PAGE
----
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Recent & Selected Articles
- This is a small sampling of articles related to education and children in the Connexions Online Library. For more articles, books, films, and other resources, check the Connexions Library Subject Index, especially under topics such as
- The BBC's 'Bogeyman' Narrative on Hugo Chavez (March 7, 2013)
The changes in Venezuela, and throughout Latin America, over the past decade: the development of peaceful, democratic alternatives to the policies of neoliberalism; standards of living improved for millions of people following a process that has had popular, democratic support, are at risk of being written off as simply the actions of another 'anti-American' 'bogeyman' due to the media's relentless negative treatment of the Venezuelan government.
- The Chavez Legacy (March 6, 2013)
Chavez was a leader who, in unity with the people, was able to free Venezuela from the grips of US Empire, brought dignity to the poor and working class, and was central to a Latin American revolt against US domination.
- Preparing for a Post-Chávez Venezuela (March 6, 2013)
Hugo Chávez is no more, and yet the symbolic importance of the Venezuelan President that exceeded his physical persona in life, providing a condensation point around which popular struggles coalesced, will inevitably continue to function long after his death.
- How the Colombia Trade Agreement Accelerates Human Rights Abuses (December 21, 2012)
The Colombia Free Trade Agreement (FTA) would lead, indeed by design, to the immiseration and mass displacement of rural peoples, especially Indigenous and Afro-Colombian. The article explores the displacement of indigenous peoples in the last year.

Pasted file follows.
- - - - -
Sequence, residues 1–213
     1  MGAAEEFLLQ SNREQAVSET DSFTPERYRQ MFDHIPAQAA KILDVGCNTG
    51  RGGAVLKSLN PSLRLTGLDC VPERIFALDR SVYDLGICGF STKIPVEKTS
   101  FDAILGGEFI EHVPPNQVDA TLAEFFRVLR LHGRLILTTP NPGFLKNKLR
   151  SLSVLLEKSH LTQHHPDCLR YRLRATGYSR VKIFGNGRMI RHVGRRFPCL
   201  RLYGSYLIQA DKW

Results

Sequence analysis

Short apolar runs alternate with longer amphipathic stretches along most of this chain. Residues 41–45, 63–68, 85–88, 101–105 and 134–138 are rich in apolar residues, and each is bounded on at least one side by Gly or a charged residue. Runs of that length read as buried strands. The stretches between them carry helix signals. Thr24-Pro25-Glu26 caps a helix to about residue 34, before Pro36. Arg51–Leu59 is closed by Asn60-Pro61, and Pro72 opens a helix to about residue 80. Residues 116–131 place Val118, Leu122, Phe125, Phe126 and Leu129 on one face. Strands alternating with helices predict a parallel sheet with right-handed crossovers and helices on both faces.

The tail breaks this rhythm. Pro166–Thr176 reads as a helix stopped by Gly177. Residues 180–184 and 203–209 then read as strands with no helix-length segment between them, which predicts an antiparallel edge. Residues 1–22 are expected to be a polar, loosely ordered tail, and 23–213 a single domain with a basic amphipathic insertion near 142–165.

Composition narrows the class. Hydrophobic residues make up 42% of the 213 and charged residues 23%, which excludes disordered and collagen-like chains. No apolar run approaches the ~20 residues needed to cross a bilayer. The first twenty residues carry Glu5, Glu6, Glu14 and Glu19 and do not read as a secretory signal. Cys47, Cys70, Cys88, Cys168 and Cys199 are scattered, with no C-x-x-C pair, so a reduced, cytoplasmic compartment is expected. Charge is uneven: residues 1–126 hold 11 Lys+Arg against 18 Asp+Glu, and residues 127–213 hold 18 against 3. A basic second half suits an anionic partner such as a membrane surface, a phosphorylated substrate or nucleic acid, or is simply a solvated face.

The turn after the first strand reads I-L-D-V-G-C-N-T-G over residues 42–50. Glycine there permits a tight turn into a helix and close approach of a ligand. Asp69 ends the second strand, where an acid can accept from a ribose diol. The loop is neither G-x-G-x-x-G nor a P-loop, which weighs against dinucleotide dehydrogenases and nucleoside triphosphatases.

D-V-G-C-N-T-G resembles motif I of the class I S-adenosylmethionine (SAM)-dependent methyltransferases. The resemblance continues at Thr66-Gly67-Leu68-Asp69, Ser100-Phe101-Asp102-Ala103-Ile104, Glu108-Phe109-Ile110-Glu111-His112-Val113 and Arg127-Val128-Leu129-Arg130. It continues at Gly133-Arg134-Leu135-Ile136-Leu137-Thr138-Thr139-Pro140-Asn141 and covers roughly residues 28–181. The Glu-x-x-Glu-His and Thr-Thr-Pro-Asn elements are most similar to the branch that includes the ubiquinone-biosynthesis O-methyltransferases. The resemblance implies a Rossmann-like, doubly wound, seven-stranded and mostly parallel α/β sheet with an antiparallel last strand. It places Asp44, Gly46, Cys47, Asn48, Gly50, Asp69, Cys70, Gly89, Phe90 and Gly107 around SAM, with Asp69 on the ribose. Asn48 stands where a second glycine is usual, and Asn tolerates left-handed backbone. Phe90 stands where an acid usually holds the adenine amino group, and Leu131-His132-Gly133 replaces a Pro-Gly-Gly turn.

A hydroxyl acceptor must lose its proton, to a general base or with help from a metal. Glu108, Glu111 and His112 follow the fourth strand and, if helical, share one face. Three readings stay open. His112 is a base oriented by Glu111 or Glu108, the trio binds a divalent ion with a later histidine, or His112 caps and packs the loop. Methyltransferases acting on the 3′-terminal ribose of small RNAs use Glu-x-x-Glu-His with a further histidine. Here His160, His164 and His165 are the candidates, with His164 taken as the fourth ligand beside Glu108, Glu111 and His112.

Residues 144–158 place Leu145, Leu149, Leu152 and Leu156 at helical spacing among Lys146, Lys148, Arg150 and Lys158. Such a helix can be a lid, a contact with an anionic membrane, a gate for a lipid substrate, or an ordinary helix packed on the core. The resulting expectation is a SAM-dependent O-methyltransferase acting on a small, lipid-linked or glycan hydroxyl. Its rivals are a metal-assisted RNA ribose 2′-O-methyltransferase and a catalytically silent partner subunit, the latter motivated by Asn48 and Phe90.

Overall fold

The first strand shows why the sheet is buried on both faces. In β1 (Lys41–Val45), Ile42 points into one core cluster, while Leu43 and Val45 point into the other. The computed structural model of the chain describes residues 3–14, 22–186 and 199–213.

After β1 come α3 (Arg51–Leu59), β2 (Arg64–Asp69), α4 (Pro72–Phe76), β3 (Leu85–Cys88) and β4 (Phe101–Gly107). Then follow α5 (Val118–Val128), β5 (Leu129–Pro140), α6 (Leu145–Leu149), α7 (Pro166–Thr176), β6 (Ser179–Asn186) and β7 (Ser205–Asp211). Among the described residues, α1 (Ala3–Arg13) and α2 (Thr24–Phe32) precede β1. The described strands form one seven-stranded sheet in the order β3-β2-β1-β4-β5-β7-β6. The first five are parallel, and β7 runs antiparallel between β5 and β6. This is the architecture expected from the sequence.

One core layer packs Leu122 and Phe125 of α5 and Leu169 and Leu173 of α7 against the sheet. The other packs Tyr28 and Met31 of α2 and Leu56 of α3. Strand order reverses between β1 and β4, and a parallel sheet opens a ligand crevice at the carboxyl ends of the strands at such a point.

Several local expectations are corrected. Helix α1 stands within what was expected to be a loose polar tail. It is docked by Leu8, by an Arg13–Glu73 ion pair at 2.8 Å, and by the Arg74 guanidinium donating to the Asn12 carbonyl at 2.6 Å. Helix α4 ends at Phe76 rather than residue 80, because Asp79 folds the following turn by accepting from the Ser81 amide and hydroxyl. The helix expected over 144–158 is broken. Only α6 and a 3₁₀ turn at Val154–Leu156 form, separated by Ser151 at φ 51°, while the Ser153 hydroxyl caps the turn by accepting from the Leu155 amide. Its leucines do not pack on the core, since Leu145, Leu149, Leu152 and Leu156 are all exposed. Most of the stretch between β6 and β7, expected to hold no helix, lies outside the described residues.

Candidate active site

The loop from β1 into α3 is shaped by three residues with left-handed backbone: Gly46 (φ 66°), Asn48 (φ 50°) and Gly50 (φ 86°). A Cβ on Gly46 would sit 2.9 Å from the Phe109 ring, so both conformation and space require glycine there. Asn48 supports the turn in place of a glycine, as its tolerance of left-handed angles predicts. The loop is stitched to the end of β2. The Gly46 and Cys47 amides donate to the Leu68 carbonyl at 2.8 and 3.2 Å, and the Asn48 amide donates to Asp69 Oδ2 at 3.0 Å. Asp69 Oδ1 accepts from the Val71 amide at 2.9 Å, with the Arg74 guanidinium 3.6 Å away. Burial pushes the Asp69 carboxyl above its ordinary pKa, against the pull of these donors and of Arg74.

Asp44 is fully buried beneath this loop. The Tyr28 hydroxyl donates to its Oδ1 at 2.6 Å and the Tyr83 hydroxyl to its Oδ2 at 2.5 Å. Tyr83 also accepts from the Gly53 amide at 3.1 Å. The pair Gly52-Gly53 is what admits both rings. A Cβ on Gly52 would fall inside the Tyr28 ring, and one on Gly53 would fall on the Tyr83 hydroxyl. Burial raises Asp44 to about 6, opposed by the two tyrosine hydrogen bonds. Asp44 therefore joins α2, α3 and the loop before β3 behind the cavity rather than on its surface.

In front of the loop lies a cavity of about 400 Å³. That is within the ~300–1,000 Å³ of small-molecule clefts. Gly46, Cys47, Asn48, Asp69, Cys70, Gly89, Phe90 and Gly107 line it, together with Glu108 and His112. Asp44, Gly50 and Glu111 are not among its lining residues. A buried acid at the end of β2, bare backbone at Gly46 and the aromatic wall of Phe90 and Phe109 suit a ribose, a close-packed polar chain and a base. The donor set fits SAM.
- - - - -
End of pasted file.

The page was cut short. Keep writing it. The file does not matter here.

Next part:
- The State and the Social Movements (October 15, 2012)
The article deals with the systematic, pervasive web of containment of social struggles and class conflict developed by the Brazilian Workers' Party (Partido do Trabalho, or PT) over decades, beginning in the 1980s, and culminating in its ten years in state power since 2002, first under Lula (20022010) and now under Dilma Rousseff (2010).
- Paraguay: A well-rehearsed coup (September 28, 2012)
The story behind the overthrow of Paraguayuan President Fernando Lugo.
- Make Sure You Don't Fall: Perspectives on the Recent Social Agitation in Chile, Part One (June 3, 2012)
Discontent and rage have always been there, but while Social Democracy was in power, the supporters of the regimewell placed in the open spaces for action and thought in high schools, universities and companieswere able to use them to channel protests into directions that did not endanger the political credibility of the ruling parties.
- Make Sure You Dont Fall: Perspectives on the Recent Social Agitation in Chile, Part One (June 3, 2012)
To understand and make sense of the recent wave of social unrest in Chile, we have to refer to the history of the last half century of this country: the revolutionary upsurge that had its peak in late 1972, the destruction of the social movement after the military coup, the neo-liberal restructuring imposed by the Pinochet regime and the consolidation of that legacy by successive civilian governments.
- Revolution against progress: the TIPNIS struggle and class contradictions in Bolivia (January 9, 2012)